In this guest post, Helen Taylor muses on the gritty details of representing Glaswegian dialect in her novel about Caravaggio’s mysterious re-appearance in this most unlikely of places. The Backstreets of Purgatory is currently crowdfunding at Unbound, where you can make a pledge to help her publish it.
If you are going to set a novel in a city with such a force of character, with such a fierce sense of identity and local pride as Glasgow has, even if it is a fictionalised version of the place, you want it to feel, look, smell, sound like the real thing. At least, I do. Otherwise, it feels like a wasted opportunity to celebrate the qualities that make a place unique. Of course, I could have set my own novel in any town or city, even an invented one, but for The Backstreets of Purgatory I’m sure it wouldn’t have worked nearly as well. At the heart of Backstreets lies the incongruity of Caravaggio’s presence in the city. Perhaps it was a subconscious strategy on my part or perhaps simply fortuitous but the very nature of Glasgow echoes many of the themes that underlie my tale. Caravaggio—an artist with a reputation for being a hard man, his reputation at odds with his artistic sensibility and his desperation for recognition by the Catholic Church—arriving in Glasgow, a city with much the same reputation and its own set of conflicting idiosyncrasies.
Finn, the main protagonist of Backstreets, sums it up like this:
Whatever its inglorious past, (Finn) felt a strong allegiance to his adopted home town. It hid its compassionate side behind the myth of hard men, cheap alcohol, and the splendour of squalor and violence.
And as much as the dark gothic spires of the University and the red sandstone glow of tenements, the tower blocks and the grand Victorian villas, the rivers with the snow-capped, heather-stained hills beyond, and the rain and cloud and occasional ‘taps aff’ days of sunshine can conjure the atmosphere of the city, for me it is the language itself which gives Glasgow its particular, peculiar personality—the accents, the dialect, the swear words and endearments (often one and the same) and the sort of bizarre and hilarious phrases that only your granny would say.
Glasgow was my choice, in part because of my familiarity and fondness for the city, but the importance of language anchoring a piece of writing in a particular place applies to a greater or lesser extent to whatever setting you choose.
Let’s think for a moment about how to do justice to the richness of the language which marks a place. First things first. You know your characters, you know where they were born and where they live, you know their motivations, their hidden secrets, their embarrassing tics, the shade of hair dye they use (and I’m not just talking the women here). You know who they are sleeping with and who they wish they were sleeping with. You know what number bus they take to work and who they are going to meet in the pub later. You know whose shoes are nipping their toes, whose belt is getting looser, whose hearing aid batteries are flat. And now you are listening in on their conversations and it’s up to you to record what you hear.
It is always a tricky moment. Misrepresenting dialogue is surely one of the quickest ways to turn off a reader. But authentic doesn’t mean painfully accurate. Imagine how tedious and mundane a conversation recorded in real time would be, with all the ums and the ers and the half sentences, the stutters and the restarts. So as a writer, you edit, pick the bits that develop the tension or unconsciously reveal important truths, the good one-liners or the parts that hint at undercurrents beneath the trivialities.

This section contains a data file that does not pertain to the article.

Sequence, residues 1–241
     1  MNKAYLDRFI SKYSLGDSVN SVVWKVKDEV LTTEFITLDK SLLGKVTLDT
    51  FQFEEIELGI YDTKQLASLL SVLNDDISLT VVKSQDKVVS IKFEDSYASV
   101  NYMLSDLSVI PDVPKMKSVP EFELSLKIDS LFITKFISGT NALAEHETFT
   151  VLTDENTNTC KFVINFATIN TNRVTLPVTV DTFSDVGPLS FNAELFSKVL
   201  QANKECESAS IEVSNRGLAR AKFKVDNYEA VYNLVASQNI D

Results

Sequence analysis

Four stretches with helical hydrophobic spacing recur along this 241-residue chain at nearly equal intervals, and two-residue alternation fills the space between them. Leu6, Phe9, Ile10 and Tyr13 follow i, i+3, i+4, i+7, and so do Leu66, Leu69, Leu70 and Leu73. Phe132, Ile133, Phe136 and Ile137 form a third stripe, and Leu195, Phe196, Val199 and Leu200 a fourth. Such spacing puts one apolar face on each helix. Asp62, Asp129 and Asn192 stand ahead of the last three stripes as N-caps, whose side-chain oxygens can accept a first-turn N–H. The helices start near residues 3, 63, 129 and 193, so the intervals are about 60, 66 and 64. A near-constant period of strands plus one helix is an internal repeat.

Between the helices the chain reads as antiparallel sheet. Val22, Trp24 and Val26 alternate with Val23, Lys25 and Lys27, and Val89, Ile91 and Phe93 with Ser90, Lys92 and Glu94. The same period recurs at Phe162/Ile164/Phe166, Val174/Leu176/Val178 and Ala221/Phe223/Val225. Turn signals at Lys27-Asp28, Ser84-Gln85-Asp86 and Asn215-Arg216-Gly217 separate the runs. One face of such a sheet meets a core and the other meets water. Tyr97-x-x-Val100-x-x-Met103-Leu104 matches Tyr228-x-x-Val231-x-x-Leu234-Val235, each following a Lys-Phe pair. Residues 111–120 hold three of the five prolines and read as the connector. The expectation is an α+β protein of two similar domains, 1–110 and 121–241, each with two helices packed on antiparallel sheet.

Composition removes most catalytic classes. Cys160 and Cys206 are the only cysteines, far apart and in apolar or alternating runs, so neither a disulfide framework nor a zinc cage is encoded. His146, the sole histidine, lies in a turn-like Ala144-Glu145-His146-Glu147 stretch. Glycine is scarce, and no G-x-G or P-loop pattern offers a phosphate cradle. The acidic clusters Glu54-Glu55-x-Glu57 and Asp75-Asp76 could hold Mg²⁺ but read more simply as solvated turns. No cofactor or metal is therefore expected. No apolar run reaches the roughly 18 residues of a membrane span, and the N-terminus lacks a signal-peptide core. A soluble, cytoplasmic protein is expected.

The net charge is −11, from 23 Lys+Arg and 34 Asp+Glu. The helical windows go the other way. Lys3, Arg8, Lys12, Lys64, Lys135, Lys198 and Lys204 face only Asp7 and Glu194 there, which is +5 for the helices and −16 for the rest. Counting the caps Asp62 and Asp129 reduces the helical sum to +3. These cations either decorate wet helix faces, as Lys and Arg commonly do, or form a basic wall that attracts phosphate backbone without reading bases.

If the language is strongly accented or in a pronounced dialect, the task automatically becomes more challenging. Should your eaves-dropped conversation be written phonetically, or as a watered-down version of what you heard, or written in standard English even if that wasn’t what was being spoken?
These were the types of questions I was continually asking as I tied myself in knots in early drafts of Backstreets, very aware of my own fairly neutral accent and overly sensitive to the politics surrounding the language and dialects of Scotland: Standard English with an accent; Scots English with its own terms and pronunciations; Scots itself as a recognised minority language with its various regional variations. And what about spelling? By tradition Scots is an oral language and although there are plenty of written works to consult and several Scots dictionaries, for the moment there is still no standard written form.
Funnily enough, there are words in my vocabulary that until recently I had no idea were specifically Scottish, often words with no precise English equivalent, where no single English word that can provide quite the same nuance or convey that particular rhythm or tone to speech. Like shoogle. Wobble slightly (if you’re talking a shoogly chair for example) or shake gently (if you’re talking waking someone up by shoogling their shoulder) although neither definition sounds quite adequate to my ears. And is it shoogle or shuggle? Is the long ‘oo’ sound in the middle a reflection of its central two ‘o’s or because it is the long Scottish ‘oo’ pronunciation of a ‘u’?
For me, the answer was to go for a spelling and stick with it, relying on context for readers who were unfamiliar with a particular word or phrase to determine the meaning. Where there was a direct English equivalent, however, it was a different matter. Wiz I gonnae go fae aw they Scots spellins or no? Wiz or wuz? Gonnae, gonny or gauny? I was haunted by the worry of coming across as unintentionally comic or, worse, of taking the Mick. Not that Backstreets is short of humour, but I wanted the humour to be controlled and not an incontinent discharge of cheap laughs like a Glaswegian equivalent of ‘Allo ‘Allo.